4.1.3 Precision of Commanded Offsets

If the primary reason for dithering is to avoid bad pixels or improve the PSF sampling, then dither offsets less than about one arcsecond are recommended. Examination of HST behavior in previous dither campaigns reveals that, for offsets of this size, the actual measured offsets typically agree with the commanded offsets to an r.m.s. within ~2-5 mas during a single orbit with good lock on both guide stars, ranging up to ~10-15 mas from visit to visit over many days. Occasionally, the actual offsets can differ substantially from the commanded offsets by ~0.1-0.2 arcseconds or more, and with field rotations up to 0.1 degree, as a result of FGS false lock on a secondary null, or other FGS interferometric peculiarities. This behavior was observed in two out of nine pointings during the HDF-N campaign.

In some cases somewhat larger dither offsets, up to a few arcseconds, are required in order to bridge inter-chip gaps between detectors, as in the multiple cameras of WFPC2 or the two detectors in ACS/WFC. Offsets of this size are unlikely to present any problems with pointing precision, although observers should be aware that such offsets may introduce more non-uniform subsampling across the field, as a result of the geometric distortion inherent in the instruments.

Offsets larger than several tens of arcseconds may result in the guide stars being moved out of the FGS apertures, depending upon the exact configuration of the primary and secondary guide stars. This would necessitate a full acquisition of new guide stars, with substantial associated overhead, and loss of pointing repeatability as a result of the relative positional uncertainties in the guide star catalog (~0.2 - 0.5 arcsec). Such large offsets are more appropriate for mosaicing programs where large areas are being mapped, and would thus involve a fundamentally different observational design than programs involving small dither offsets.

4.1.4 Pointing Repeatability After Guide Star Re-acquisition

For many HST programs, dithered observations of a target are obtained during a number of separate orbits, often contiguous, which are in turn grouped into one or more visits. At the start of the first orbit of a visit, a full guide star acquisition is performed. For each subsequent orbit in the same visit, after the telescope exits from occultation, a re-acquisition of the guide stars is carried out. Since a re-acquisition slews HST in order to force the guide stars to reside in exactly the same location in the pickles as in the previous orbit, the science instrument is typically placed successfully to within ~5 - 20 mas of its location during the previous orbit. This is generally sufficient to perform sub-pixel dithers reliably with most of the HST instruments that have pixel sizes of the order ~0.05 - 0.1 arcseconds. Thus, we generally recommend that the observing schedule be designed to fit all dithered observations of a given target into a contiguous set of orbits within a single visit, whenever possible, to provide improved relative image registration.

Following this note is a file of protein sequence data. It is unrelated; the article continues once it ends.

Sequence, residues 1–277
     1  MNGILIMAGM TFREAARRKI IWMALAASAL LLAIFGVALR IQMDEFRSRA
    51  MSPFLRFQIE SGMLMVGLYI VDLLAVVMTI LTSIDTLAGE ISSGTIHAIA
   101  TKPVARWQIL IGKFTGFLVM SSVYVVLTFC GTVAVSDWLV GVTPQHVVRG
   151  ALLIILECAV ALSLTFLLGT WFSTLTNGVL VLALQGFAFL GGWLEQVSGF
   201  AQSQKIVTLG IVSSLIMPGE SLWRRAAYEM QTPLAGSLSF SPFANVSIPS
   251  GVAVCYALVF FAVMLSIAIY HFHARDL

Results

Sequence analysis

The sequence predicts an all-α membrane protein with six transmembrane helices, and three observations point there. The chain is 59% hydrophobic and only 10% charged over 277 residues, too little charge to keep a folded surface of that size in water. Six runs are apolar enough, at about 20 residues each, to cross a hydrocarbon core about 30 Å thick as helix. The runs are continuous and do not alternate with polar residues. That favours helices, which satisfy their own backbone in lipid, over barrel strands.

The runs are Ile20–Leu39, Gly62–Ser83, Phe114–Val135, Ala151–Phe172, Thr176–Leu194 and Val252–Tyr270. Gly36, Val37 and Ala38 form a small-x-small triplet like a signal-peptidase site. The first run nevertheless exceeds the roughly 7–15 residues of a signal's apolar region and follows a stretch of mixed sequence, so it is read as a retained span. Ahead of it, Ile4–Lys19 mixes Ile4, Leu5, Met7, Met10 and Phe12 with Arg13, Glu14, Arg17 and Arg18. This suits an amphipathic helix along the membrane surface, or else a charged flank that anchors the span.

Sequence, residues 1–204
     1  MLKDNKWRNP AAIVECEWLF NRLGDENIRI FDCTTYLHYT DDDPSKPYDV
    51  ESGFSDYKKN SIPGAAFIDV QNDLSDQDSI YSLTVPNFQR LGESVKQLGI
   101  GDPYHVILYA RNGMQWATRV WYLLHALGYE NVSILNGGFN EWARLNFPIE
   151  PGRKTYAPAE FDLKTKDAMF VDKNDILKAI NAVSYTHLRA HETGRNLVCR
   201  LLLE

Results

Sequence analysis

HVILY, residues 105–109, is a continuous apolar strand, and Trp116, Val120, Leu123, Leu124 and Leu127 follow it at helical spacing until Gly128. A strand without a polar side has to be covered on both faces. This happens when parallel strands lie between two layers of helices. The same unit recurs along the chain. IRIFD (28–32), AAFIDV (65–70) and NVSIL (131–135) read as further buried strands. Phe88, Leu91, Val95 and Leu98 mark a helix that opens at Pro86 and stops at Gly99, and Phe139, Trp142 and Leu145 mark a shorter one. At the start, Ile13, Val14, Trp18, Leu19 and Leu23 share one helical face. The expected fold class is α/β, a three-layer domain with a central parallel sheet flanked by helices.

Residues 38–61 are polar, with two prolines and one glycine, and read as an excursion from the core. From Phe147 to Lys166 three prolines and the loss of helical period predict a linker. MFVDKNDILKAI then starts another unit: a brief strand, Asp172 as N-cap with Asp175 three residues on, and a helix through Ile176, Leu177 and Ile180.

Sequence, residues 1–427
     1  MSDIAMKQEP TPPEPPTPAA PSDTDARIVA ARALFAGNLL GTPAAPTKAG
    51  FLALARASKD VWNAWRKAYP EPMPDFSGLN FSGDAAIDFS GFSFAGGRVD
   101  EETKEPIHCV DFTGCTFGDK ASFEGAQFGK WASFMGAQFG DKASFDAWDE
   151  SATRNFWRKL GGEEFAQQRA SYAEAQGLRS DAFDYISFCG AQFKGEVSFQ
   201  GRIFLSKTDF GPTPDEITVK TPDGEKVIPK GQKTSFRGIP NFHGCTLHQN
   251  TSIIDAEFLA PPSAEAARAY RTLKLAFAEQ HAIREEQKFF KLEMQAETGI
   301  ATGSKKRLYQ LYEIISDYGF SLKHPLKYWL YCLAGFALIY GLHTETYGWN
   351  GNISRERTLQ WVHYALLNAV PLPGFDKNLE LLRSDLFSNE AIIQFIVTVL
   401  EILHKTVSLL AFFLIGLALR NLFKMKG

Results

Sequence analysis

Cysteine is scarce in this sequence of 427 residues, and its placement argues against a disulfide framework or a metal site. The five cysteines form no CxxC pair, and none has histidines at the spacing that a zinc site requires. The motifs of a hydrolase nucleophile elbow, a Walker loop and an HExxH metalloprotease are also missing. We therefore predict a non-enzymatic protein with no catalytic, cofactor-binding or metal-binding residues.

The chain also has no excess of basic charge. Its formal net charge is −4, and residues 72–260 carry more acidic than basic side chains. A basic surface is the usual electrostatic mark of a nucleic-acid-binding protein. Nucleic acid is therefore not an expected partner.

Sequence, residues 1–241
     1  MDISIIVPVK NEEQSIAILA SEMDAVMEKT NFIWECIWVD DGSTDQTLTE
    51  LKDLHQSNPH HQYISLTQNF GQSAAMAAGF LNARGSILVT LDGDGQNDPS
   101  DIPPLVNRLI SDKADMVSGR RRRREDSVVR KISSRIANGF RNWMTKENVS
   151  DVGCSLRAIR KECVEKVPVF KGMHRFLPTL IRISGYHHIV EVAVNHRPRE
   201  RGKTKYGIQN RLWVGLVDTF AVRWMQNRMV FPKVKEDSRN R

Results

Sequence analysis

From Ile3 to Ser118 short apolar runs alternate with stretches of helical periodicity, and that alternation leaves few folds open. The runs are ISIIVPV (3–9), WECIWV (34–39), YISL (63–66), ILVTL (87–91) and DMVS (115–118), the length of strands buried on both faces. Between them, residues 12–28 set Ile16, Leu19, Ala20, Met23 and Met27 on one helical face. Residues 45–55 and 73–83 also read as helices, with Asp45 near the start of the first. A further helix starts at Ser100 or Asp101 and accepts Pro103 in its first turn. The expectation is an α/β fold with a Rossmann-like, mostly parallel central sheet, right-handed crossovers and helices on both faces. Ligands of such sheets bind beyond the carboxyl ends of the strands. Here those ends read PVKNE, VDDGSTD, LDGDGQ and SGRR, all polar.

4.1.5 Roll Angle Repeatability Over Multiple Visits

Some observing programs are sufficiently large that they necessitate dithered observations of the same target over many orbits. In such cases, breaking up the observations into several separate visits is unavoidable, since single visits are usually constrained by scheduling limitations to contain no more than five orbits. If these multiple visits are scheduled across different dates, then some shifts may be present in the images even when specifying the same pointing, the same guide stars, and same ORIENT as previous visits.

At the start of a new visit, HST first sets up the specified roll for the observation using the gyros and carries out a full acquisition of the dominant guide star, after which it acquires the sub-dominant guide star and tracks it in fine lock. The PCS then preserves this roll angle for the remainder of the visit. In most cases the difference between the desired roll and the actual roll angle will be less than around 0.003 degrees, corresponding to a positional shift of about 73 mas at the sub-dominant guide star (assuming a separation of 1400 arcseconds between the two guide stars). At the WFPC2, this shift is 38 mas, i.e. just less than the size of a WFPC2/PC pixel. Therefore, multiple visits at the same specified roll, target, and with the same guide stars will, under nominal circumstances, show repeatability to this level. It is not uncommon for scheduling constraints to affect the time between updates to the Fixed Head Star Trackers (FHSTs) and FGS acquisitions, in which case roll angle deviations of 0.01 degrees and upward can occur (i.e., translational shifts above 100 mas).

The jitter files, which allow the roll angle to be determined based on guide star locations in the FGS, can be used in the case of visits with the same guide stars and same roll, to determine quite accurately the actual roll change that was incurred between visits.